As connected sensors proliferate, the Mubadala-owned satellite operator sees an opportunity in live asset tracking
Exclusive: Yahsat's new satellite to service mobility and Internet of Things, driving growth
Yahsat, the Mubadala Investment Company-owned satellite operator, anticipates higher growth from its satellite broadband business as it looks to enter the mobility and Internet of Things segments (IoT) as well as possibly compete with telecoms service providers, according to its chief executive.
“Everything is sensored and metered and [whether consumers] choose telecoms service providers or satellite is not a big challenge. What we’re seeing is that, as the industry starts providing live solutions on the sensors - mobile solutions - then the adoption of this will be on a higher sort of scale,” Masood Sharif Mahmood told The National at the company’s headquarters in Abu Dhabi. He was referring to live asset tracking through GPS, which is increasingly becoming merged with business analytics and artificial intelligence, particularly when it comes to cross-country, regional mobility, which can be better serviced by satellite over telecoms service providers.
The operator, which launched its third satellite Al Yah 3 in January, is anticipating greater demand for satellite broadband services on the back of higher uptake in IoT-serviced industries such as oil and gas and on the growth of sustainable cities in the region. According to US-based International Data Corporation, the IoT market in the Middle East and Africa is set to grow 15 per cent in 2018 to reach $6.99 billion in 2018 and $12.62bn by 2021
The company's ongoing acquisition of a majority stake in fellow UAE satellite operator Thuraya was also considered as part of efforts to grow its mobility segment, added Mr Mahmood. He declined to specify Yahsat’s stake in the operator or the value of the transaction.
Al Yah 3, which completed orbital testing at the end of May, is expected to increase the operator’s footprint in an additional 19 countries, including newer markets in Latin America and Brazil. The operator currently has two other satellites - Al Yah 1 and Al Yah 2, which provide government solutions, satellite TV and satellite broadband across the Middle East, Africa, central and south-west Asia, with its coverage penetrating remote access areas.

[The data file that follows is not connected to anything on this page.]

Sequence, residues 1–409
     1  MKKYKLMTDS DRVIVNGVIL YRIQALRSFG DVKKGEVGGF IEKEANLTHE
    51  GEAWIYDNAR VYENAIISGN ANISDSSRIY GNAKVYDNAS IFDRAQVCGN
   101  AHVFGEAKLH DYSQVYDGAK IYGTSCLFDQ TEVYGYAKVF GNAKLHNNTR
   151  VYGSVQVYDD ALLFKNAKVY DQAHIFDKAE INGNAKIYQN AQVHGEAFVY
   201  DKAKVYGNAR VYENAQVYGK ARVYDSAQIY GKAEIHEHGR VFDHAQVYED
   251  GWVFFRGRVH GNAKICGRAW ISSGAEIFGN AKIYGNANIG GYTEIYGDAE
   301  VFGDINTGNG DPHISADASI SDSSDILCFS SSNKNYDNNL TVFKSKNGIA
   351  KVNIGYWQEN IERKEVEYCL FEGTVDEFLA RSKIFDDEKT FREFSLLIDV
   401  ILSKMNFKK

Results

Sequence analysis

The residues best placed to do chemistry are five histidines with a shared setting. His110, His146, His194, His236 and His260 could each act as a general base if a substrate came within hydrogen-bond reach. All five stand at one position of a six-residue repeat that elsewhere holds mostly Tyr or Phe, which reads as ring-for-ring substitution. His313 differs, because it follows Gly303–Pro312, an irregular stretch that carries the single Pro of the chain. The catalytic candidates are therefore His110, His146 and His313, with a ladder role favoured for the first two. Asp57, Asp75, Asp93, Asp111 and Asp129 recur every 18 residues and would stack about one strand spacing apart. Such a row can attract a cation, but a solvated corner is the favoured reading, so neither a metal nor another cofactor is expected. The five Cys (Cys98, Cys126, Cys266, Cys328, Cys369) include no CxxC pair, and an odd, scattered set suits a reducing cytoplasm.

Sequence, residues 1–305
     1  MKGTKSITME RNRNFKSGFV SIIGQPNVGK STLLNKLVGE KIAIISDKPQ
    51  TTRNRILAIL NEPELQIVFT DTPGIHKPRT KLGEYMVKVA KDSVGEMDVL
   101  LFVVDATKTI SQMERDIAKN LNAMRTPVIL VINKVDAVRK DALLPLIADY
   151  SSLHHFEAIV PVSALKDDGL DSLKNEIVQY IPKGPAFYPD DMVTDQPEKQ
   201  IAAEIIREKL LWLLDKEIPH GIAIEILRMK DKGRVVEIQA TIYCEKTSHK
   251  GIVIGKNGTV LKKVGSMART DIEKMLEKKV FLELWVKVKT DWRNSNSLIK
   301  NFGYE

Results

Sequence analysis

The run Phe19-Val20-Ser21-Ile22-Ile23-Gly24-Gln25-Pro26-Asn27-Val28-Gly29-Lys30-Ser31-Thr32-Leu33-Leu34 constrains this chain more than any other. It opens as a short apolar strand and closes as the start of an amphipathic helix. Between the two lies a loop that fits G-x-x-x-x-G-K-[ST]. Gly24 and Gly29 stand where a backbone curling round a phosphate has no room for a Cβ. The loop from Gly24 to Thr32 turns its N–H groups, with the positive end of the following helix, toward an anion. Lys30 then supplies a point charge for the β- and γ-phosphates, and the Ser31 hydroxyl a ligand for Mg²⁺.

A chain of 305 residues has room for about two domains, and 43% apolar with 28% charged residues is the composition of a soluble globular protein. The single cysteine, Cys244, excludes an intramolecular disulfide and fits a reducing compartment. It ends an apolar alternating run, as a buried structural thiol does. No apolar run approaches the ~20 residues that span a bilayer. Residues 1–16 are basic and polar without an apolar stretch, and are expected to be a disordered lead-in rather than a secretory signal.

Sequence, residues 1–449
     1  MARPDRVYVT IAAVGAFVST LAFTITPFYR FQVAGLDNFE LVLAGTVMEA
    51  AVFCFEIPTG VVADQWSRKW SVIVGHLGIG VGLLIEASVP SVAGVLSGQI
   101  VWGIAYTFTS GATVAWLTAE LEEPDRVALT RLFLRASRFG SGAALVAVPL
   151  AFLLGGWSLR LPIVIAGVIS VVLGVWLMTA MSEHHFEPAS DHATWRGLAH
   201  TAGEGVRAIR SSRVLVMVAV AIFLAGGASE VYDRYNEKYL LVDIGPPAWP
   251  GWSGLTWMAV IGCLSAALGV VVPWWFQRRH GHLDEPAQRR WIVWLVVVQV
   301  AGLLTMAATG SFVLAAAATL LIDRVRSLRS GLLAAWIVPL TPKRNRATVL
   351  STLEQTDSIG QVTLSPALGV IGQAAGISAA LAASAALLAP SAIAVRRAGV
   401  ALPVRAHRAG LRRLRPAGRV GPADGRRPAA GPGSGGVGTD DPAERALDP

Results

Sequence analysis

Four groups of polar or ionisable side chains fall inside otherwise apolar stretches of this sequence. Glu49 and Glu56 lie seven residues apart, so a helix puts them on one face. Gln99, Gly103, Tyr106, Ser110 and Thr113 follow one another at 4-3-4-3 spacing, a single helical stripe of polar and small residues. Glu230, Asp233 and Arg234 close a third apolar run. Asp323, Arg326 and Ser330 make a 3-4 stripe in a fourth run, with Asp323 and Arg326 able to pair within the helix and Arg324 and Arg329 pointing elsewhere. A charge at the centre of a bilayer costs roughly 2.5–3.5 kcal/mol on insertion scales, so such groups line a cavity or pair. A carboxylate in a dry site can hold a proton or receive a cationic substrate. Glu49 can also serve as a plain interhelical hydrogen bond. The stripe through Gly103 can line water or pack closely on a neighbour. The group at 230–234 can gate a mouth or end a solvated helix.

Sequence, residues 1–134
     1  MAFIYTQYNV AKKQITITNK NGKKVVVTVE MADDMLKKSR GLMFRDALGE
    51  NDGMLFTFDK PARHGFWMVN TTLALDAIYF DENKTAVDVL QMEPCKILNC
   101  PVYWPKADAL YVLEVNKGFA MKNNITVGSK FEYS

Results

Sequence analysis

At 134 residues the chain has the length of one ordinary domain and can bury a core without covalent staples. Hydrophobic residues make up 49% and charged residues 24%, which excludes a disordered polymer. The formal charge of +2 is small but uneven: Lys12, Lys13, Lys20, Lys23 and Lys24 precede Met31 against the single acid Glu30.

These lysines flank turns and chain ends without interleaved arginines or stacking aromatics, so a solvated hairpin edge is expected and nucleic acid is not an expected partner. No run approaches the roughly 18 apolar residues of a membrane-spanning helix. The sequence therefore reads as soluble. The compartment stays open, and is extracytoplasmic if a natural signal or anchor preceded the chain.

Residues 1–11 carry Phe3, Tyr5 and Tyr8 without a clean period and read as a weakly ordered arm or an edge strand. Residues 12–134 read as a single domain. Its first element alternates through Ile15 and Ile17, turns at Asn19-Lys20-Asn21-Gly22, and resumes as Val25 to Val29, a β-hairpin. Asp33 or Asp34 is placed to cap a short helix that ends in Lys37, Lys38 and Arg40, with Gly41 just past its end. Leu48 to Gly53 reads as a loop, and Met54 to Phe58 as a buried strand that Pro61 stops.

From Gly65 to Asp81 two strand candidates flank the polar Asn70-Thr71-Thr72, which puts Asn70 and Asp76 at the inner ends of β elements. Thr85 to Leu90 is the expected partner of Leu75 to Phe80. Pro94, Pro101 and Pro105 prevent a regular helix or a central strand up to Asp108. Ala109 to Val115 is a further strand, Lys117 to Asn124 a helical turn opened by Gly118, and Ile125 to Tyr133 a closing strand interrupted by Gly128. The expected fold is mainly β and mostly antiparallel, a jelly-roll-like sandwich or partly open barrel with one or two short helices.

“When we mix our old fleet and the new fleet our satellite broadband will cover 60 per cent of the populations of Africa and 95 per cent of the population of Brazil,” said Mr Mahmood.
YahClick, as the operator’s satellite broadband service is known, has grown to cover around 50,000 devices, he added. While this satellite broadband connectivity is available through retailers in the markets covered by Yahsat, often remote localities, it is also the third licensed operator for internet services in the UAE. While YahClick provides connectivity to the oil and gas industry as well as services requiring remote connectivity in the Emirates, Mr Mahmood said it would be a while before it becomes competitive with telecoms service providers.
“It’s the equivalent of sending fibre into the sky and the satellites are 36,000km away, so really scare resource capacity,” he said.
Yahsat, which specialises in coverage of unserved, digitally-remote areas, will eventually target providing connectivity to already served segments in cities as well.
“The way technology is moving, we think that it will be able to compete in the served ring as well. That will be the future,” said Mr Mahmood.
The firm also looks to draw in revenues from a planned roll-out of WiFi services with regional carriers. YahSat has already trialled such a service on board Etihad aircraft.
"We reached high speeds of up to 50 Mbps [megabits per second] versus the existing airline legacy systems that are around four or five Mbps, so we’re talking about a 10 fold increase,” said Mr Mahmood,
“We are continuing our development of this project with Etihad Airways and we are in early discussions with few other airline operators here,” he added.
The challenge moving forward, he noted, is to make such services affordable to consumers as well as encourage their take-up in the region, where on board WiFi is still viewed as a luxury and faces competition from legacy infrastructure such as in-flight entertainment.
YahSat also sees opportunities in the developing world to provide affordable basic internet connectivity to bridge the digital divide, especially through partnerships with governments.
Citing Free Basics, the affordable internet service launched by Facebook in less developed economies, Mr Mahmood said should his company enter this segment, it would look at doing things differently.
"Free Basics is a model that Facebook rolled out and it has not been successful for a variety of reasons,” he said
“If we price it in the right way and to the right target segment, then we will tie up with governments and bid for government connectivity programmes by offering an affordable price. We would [then] be able to subsidise part of that and offer it to the municipality so the end user doesn’t get the burden and has a shared approach. But it has to make commercial sense,” said Mr Mahmood.
“There are enough of those opportunities out there,” he added.